June 4, 2014 Veterans History Project Recognizes 70 Years since D-Day
Contact: Megan Harris (202) 707-8205, Monica Mohindra (202) 707-1071
Chronicling the stories of 18 veterans, the most recent installment of the Veterans History Project (VHP) Experiencing War web series commemorates the 70th anniversary of D-Day. For those veterans who took part in the invasion of Normandy, June 6th, 1944 was the defining moment of WWII, unforgettable regardless of individual circumstances. In letters, poems, snapshots and their actual voices, veterans recount their personal viewpoints of that historic day. Included are the accounts of troops on the ground, aboard ship, and in the air, who went on to serve in hospitals and foxholes and among the hedgerows of Normandy. The series can be accessed at www.loc.gov/vets/stories/ex-war-dday-2014.html.
Highlighted collections include that of Leroy Bowen, Jr., a Coast Guardsman who describes the effects of adrenaline on D-Day. Despite carrying 70 pounds of gear on his back, he said he felt as if he was flying as he ran across Omaha Beach. In his interview, Bowen discusses the importance of remembering the horrific scenes from Normandy, as disturbing as those memories are.
Also featured are the collections of two nurses, Lille Magette and Marian Jones, who arrived in France shortly after D-Day. Two veterans who took part in the invasion, Robert Barnes Ware and Robert Harlan Horr, did not return home; their collection materials share a universal poignancy of any conflict with details specific to their part in that momentous invasion. Robert Ware’s correspondence with his wife contains a letter in which she describes her frustration with the uncertainty of life during wartime. Dated only a few days before his death, its timing makes it particularly heart-wrenching. While Horr survived D-day only to lose his life later in the war, he describes losing his close friend in the invasion.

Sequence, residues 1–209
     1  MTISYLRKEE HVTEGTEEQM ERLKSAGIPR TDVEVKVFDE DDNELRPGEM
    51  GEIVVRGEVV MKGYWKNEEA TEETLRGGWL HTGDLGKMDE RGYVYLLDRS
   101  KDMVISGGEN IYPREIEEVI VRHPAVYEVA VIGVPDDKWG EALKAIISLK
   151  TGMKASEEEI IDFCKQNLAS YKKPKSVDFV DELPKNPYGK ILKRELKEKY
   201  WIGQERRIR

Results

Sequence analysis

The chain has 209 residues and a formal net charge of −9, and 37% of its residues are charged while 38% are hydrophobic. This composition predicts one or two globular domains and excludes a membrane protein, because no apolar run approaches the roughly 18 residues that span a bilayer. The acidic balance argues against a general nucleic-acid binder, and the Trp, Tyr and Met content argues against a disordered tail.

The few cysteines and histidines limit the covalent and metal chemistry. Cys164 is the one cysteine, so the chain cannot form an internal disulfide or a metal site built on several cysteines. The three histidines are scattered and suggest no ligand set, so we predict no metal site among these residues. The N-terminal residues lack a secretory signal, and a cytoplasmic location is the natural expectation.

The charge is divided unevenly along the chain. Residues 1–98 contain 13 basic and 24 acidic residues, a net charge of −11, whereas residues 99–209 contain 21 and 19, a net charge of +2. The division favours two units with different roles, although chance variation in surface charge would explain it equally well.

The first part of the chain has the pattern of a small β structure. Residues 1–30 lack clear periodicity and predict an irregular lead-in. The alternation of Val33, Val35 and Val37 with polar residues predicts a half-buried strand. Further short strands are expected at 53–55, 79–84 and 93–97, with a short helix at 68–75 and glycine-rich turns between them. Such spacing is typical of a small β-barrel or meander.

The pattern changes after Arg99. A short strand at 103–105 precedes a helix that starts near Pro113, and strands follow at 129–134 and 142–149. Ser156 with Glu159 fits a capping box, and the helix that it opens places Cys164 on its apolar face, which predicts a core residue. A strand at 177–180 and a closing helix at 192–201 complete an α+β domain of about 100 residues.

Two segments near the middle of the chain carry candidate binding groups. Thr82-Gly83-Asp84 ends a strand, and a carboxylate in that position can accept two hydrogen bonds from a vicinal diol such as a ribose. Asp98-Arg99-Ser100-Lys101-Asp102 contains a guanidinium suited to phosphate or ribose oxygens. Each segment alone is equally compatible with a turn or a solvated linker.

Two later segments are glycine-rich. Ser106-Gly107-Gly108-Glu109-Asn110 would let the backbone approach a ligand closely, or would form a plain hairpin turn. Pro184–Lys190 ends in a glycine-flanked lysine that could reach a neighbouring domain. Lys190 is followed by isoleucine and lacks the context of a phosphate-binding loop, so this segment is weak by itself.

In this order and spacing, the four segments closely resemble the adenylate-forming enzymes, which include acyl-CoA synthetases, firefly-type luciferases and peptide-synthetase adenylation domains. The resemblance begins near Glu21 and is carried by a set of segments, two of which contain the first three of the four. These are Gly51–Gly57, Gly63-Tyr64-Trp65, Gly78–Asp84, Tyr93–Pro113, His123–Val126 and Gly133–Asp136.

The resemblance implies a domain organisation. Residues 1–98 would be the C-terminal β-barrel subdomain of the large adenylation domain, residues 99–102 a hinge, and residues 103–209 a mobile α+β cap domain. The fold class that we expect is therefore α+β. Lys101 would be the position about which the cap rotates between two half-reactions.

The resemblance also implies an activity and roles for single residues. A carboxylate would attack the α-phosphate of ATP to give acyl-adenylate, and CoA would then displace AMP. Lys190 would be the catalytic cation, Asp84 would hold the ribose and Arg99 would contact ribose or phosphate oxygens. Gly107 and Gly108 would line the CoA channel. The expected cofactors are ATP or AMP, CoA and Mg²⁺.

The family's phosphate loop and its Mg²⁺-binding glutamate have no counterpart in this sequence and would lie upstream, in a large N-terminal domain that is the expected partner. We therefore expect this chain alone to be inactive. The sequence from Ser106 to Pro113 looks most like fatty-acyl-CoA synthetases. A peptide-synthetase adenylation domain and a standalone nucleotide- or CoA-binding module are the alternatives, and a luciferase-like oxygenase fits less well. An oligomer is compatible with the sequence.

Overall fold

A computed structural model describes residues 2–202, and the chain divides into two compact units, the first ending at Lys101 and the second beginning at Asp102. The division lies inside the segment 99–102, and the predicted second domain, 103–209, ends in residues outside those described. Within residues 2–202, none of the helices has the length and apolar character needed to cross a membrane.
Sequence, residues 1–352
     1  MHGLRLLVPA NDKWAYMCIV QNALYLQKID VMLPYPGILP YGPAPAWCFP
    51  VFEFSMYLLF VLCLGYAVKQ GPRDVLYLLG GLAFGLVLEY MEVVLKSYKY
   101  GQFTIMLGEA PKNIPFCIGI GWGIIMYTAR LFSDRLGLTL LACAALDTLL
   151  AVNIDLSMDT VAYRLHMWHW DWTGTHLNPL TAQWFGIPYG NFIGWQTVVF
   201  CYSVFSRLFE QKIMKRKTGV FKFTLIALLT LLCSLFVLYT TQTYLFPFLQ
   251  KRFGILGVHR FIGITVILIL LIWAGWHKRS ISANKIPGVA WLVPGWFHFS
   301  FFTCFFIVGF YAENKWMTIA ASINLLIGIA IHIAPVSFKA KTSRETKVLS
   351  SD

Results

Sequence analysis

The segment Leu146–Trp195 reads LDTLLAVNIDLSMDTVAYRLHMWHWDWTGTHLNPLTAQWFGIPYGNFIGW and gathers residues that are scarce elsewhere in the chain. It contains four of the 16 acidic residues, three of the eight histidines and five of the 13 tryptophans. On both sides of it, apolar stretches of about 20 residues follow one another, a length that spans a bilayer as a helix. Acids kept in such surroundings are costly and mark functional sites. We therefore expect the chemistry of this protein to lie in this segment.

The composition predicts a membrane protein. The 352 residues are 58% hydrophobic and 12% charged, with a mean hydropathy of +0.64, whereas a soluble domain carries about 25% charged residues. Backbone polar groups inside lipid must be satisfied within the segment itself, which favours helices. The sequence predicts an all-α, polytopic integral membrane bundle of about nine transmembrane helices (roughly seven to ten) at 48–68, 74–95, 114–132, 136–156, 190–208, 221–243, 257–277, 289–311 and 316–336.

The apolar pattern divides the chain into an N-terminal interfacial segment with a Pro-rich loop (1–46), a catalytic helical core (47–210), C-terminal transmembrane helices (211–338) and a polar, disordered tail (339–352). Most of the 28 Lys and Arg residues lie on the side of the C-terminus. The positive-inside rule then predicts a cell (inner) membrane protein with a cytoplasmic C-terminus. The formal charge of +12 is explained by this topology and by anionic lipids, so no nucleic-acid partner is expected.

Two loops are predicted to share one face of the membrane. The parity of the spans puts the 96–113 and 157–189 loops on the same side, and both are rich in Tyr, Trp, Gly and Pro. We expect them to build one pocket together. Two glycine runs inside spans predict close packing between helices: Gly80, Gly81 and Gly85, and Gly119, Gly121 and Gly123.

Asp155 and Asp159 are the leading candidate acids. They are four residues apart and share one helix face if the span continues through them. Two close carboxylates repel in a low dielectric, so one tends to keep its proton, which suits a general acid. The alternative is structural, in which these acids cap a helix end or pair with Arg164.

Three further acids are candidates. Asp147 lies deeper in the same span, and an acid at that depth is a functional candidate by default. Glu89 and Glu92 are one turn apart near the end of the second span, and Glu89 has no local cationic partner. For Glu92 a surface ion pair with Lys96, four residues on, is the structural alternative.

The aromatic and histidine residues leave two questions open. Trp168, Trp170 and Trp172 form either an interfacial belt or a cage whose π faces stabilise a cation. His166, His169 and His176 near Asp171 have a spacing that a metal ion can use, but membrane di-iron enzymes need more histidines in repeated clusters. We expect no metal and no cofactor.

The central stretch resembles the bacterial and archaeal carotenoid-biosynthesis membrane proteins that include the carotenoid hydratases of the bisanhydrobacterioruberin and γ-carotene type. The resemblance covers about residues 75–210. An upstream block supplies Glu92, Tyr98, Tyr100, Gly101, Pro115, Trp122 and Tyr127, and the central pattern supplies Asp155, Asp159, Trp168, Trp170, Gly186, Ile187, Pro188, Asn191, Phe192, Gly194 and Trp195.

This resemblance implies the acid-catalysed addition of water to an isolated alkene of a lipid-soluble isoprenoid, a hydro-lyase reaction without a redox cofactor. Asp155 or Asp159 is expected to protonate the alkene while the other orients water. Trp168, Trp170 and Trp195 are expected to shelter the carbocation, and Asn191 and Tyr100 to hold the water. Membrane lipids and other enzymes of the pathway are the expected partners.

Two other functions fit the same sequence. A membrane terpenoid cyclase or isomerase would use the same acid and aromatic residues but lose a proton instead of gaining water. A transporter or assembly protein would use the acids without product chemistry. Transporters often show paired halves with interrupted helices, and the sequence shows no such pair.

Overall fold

A display of D-Day-related items from the VHP collections will be on display through June 9th in the North Gallery of the Library’s Thomas Jefferson Building, located at 10 First St. S.E., Washington, D.C.
Created by law and through unanimous support from the United States Congress in 2000, the Veterans History Project collects, preserves and makes accessible the first-hand remembrances of America’s war veterans from WWI through the current conflicts so that future generations may hear directly from veterans and better understand the realities of war. For more information, visit www.loc.gov/vets/ or call the toll-free message line at (888) 371-5848. Subscribe to the VHP RSS to receive periodic updates of VHP news.
Founded in 1800, the Library of Congress is the nation’s oldest federal cultural institution. The Library seeks to advance the knowledge and creativity of the American people through its collections, programs and services. Many of the Library’s rich resources can be accessed through its website at www.loc.gov.